Saving Salmon

Today, Columbia River salmon populations are a fraction of their historic size. The U.S. government eradicated salmon from many parts of the Columbia basin by constructing Grand Coulee, Hells Canyon, and many other dams.

Read or Listen to our Strategic Plan Now:

Our Goals
  • Healthy and recovery populations of salmon and steelhead, and recovery of orcas
  • Work in solidarity with Tribes to support Tribal Nations’ rights to harvestable salmon runs and meaningful input in regional decisions about salmon recovery and management
  • Improve public understanding of leading causes of salmon declines, including combating the racist narrative of Tribal fishing as a leading cause of the extinction crisis
The Problem

The Columbia once produced more salmon than any river on Earth. An estimated 16 million salmon returned to the Columbia from the ocean each year, and Indigenous people sustainably harvested these salmon since time immemorial. The Columbia still supports important subsistence, commercial, and recreational salmon fisheries. Columbia River salmon are also food for critically endangered Southern Resident orcas and other wildlife. Today, Columbia River salmon populations are a fraction of their historic size. The U.S. government eradicated salmon from many parts of the Columbia basin by constructing Grand Coulee, Hells Canyon, and many other dams. Even dams that allow fish migration can take a heavy toll on salmon by damaging habitat and making the water too hot. Despite the dams and other threats, some Columbia River salmon still survive, although many populations are close to extinction.

Our Plan

Advocate for Lower Snake River Dam Removal
The situation is dire. Snake River salmon and Southern Resident orcas are close to extinction—and the people and cultures that rely on them are suffering. We will work with Tribes and partners to convince the federal government to remove the four Lower Snake River dams. As a region, we must unite around solutions to remove the four Lower Snake River Dams and re-invest in regional transportation, irrigation, and energy infrastructure. Working together, we can have a future that includes salmon, agriculture, and clean energy.

salmon crowded together underwater, rocks below them. The water is clear and the salmon are a dark reddish brown color. The rocks are somewhat yellow green like algae.
Photo: Lance Koudele

Restore Cold Water
Through strategic media, inspiring events, and litigation, we will sound the alarm on the hot-water crisis on the Columbia. This includes using the Endangered Species Act, National Environmental Policy Act, and Clean Water Act to force federal agencies to address temperature impacts on adult salmon migration.

Protect Important Estuary Habitat from Industrialization Recognized as an Estuary of National Significance, the Columbia River estuary is home to some of the most important salmon habitat in the world. We will work with Tribes and river communities to engage in important decisions that will impact the estuary’s health for generations, including proposals to build massive new heavy-industrial ports in Columbia County, OR, and Cowlitz County, WA.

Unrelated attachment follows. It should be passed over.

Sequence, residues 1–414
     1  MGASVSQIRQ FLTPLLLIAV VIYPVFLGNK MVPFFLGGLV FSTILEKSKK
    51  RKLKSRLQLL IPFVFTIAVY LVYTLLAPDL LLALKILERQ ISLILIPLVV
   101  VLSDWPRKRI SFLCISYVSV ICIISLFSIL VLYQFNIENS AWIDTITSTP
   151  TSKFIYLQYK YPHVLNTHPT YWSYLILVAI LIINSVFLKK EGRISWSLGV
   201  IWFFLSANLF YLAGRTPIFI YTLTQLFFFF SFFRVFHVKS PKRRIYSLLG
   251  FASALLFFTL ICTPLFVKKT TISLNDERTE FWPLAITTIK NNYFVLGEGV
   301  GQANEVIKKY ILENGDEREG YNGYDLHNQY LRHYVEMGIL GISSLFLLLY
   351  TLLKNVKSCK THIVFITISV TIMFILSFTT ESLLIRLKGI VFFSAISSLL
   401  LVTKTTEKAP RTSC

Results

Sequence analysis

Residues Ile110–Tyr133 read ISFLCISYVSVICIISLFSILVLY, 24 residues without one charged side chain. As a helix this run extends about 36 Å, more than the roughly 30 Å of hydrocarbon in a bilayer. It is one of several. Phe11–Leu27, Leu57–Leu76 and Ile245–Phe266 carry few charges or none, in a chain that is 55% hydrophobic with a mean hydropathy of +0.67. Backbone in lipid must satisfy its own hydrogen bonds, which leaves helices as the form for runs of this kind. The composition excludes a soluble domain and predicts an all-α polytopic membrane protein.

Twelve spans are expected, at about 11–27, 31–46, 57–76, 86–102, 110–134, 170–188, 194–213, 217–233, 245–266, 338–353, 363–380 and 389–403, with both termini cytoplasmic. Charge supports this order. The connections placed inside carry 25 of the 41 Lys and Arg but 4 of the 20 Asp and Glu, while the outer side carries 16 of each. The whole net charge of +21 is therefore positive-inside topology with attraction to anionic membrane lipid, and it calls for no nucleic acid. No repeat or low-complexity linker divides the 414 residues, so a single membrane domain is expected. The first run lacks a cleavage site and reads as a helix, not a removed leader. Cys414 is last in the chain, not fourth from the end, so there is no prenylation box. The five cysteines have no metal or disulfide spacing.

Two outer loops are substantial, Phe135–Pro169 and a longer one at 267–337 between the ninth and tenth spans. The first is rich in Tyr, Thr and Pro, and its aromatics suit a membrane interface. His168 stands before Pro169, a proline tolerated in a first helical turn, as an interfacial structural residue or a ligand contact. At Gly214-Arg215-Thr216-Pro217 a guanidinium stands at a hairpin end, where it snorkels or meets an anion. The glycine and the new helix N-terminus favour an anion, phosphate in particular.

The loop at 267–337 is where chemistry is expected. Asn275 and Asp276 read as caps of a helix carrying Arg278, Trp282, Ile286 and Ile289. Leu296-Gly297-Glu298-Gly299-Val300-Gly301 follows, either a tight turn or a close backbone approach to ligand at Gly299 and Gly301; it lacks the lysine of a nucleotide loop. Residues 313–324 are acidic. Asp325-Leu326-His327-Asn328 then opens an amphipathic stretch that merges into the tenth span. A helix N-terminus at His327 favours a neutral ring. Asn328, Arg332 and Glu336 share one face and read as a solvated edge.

Work in Solidarity with Tribes for Lewis River Fish Passage
The Lewis River basin is famous for salmon, stunning waterfalls, big trees, blurry bigfoot sightings, and hydroelectric power. On its way to the mighty Columbia, the Lewis River flows through three large reservoirs: Yale, Swift, and Merlin. These reservoirs provide electricity and recreational opportunities. But the dams also stop Lewis River salmon and steelhead from reaching their native spawning streams. We will work in solidarity with the Cowlitz Tribe and Yakama Nation to advocate for completion of fish passage throughout the Lewis River basin.

Stop the Destruction of a Sacred Site
For centuries, Yakama ancestors, and current-day descendants, use the area known indigenously as Pushpum to gather foods and medicines that are honored through annual ceremonies. The site is remembered in Yakama legend as a place of refuge for the members of Kah-milt-pa, or the Rock Creek Band. Multiple Tribes consider the area sacred. If built, a proposed pumped-storage hydropower development will excavate and blast nine archaeological sites for the purpose of creating 124 acres of new reservoir surface area. The reservoirs and associated infrastructure will destroy Tribal cultural and religious resources, threaten wildlife, and impact wetlands, streams, and groundwater. We will work in solidarity with the Yakama and other Tribal Nations to convince decision makers to honor Treaty rights and consider environmental justice. This destructive proposal cannot go forward.

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